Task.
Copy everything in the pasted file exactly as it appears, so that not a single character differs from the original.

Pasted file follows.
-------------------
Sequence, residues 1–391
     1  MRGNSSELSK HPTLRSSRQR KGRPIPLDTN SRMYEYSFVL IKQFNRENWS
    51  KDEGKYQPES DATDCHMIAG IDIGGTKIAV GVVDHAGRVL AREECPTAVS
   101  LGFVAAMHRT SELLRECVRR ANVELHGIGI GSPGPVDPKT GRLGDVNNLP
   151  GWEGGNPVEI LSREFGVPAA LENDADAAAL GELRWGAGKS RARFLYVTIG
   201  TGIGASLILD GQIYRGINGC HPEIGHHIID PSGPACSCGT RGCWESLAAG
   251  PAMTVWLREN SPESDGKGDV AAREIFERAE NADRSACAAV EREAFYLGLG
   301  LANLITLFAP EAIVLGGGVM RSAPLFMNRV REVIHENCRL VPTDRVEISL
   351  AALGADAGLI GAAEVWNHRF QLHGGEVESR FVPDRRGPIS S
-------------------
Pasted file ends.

Sequence, residues 1–391
     1  MRGNSSELSK HPTLRSSRQR KGRPIPLDTN SRMYEYSFVL IKQFNRENWS
    51  KDEGKYQPES DATDCHMIAG IDIGGTKIAV GVVDHAGRVL AREECPTAVS
   101  LGFVAAMHRT SELLRECVRR ANVELHGIGI GSPGPVDPKT GRLGDVNNLP
   151  GWEGGNPVEI LSREFGVPAA LENDADAAAL GELRWGAGKS RARFLYVTIG
   201  TGIGASLILD GQIYRGINGC HPEIGHHIID PSGPACSCGT RGCWESLAAG
   251  PAMTVWLREN SPESDGKGDV AAREIFERAE NADRSACAAV EREAFYLGLG
   301  LANLITLFAP EAIVLGGGVM RSAPLFMNRV REVIHENCRL VPTDRVEISL
   351  AALGADAGLI GAAEVWNHRF QLHGGEVESR FVPDRRGPIS S